Imagine for a moment that you’ve just bilked someone out of, say, $50,000. That someone files charges against you. The authorities investigate, arrest you, and send the case to court, where a jury finds you guilty of a felony.
What happens next? Jail time? Maybe prison? You’d have to pay the money back, yes? Well, that kind of justice isn’t always the norm when it involves mind-boggling sums of money.
The PBS series “Frontline” tonight examines that issue in “The Untouchables,” which airs at 9 p.m. on KACV-TV.
The special takes a detailed look — as only “Frontline” does — at the banking scandal that erupted in 2008, near the end of George W. Bush’s presidency. The program looks into this fascinating fact: Not a single banking executive caught up in the bank fraud scandals of the time has spent any time behind bars. How can that be?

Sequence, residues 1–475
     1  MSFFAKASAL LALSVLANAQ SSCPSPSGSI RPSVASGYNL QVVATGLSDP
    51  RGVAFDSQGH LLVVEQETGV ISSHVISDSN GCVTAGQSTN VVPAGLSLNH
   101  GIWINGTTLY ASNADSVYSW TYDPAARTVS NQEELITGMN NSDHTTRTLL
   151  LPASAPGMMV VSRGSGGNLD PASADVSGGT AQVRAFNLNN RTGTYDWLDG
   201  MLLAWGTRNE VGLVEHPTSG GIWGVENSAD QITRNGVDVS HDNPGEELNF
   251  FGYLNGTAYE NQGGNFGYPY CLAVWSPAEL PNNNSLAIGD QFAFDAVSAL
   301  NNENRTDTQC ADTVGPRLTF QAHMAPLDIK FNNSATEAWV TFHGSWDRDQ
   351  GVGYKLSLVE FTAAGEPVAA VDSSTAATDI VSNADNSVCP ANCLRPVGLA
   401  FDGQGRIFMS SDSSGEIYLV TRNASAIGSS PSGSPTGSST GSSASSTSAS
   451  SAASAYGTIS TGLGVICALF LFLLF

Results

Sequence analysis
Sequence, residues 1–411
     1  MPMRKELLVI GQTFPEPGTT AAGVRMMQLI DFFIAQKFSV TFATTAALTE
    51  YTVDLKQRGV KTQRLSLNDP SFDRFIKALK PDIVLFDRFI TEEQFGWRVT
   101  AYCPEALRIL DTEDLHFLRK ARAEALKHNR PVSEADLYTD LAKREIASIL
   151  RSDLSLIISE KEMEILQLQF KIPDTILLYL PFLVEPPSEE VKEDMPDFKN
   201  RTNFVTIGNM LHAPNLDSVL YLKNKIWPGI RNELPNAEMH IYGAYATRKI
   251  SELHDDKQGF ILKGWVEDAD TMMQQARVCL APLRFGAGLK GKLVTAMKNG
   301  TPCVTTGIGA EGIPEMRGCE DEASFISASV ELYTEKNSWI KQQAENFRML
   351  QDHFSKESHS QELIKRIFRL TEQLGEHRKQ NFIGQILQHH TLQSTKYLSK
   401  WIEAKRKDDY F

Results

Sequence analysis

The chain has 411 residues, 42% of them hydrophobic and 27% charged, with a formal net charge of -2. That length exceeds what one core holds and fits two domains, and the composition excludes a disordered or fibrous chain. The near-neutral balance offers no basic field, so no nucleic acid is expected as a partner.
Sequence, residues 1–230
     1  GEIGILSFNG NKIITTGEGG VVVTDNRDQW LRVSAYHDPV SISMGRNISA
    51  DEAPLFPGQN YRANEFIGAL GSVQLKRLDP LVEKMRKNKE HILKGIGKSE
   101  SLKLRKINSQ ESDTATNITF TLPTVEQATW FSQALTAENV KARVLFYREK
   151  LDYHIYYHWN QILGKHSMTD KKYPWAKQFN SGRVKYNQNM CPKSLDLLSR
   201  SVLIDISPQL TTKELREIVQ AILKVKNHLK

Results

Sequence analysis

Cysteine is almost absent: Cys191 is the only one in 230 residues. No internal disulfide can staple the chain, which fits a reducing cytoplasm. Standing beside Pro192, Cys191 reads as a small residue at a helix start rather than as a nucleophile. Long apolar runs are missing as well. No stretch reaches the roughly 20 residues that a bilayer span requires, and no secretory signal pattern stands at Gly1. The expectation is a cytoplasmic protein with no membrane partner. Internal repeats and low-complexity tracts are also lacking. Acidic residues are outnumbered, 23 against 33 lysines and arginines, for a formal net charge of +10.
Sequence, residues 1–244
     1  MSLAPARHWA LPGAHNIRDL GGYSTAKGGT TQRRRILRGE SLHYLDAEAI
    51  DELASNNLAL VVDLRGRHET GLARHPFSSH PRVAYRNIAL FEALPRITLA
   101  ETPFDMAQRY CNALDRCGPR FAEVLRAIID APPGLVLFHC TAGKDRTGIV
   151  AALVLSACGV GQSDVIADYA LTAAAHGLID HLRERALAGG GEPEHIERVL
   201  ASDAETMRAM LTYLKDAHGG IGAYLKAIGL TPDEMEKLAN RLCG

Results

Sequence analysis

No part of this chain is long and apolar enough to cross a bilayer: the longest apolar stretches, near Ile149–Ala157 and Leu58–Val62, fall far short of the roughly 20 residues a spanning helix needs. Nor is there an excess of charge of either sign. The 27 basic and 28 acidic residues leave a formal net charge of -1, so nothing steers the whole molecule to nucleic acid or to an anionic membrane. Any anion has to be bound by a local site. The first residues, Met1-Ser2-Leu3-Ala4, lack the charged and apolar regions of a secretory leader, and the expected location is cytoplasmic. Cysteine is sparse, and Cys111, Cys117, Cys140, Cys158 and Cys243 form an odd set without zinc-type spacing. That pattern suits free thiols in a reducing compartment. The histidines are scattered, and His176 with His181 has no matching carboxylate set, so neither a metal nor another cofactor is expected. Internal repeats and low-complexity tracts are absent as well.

Little people such as, well, yours truly, would end up in the slammer faster than you can say “Show me the money” if we were caught doing what some bankers had done. And what did they do? Well, they loaned money to individuals who never should have qualified for loans.
According to PBS.org/frontline, here is an example of what transpired:
“Several due diligence underwriters — most speaking publicly for the first time — told FRONTLINE correspondent Martin Smith that it wasn’t uncommon to see school teachers claiming salaries of $12,000 a month on their mortgage applications, or electricians moving from $500 a month in rent to homes worth $650,000. The only problem — their supervisors didn’t seem to want to hear about it.
“’Fraud in the due diligence world, fraud was the F-word or the F-bomb,’” said Tom Leonard. “You didn’t use that word.”
Maybe they should have dropped the F-bomb. Then again, maybe someone should have gone to jail.
Frontline takes its usual thorough look at what happened — and why.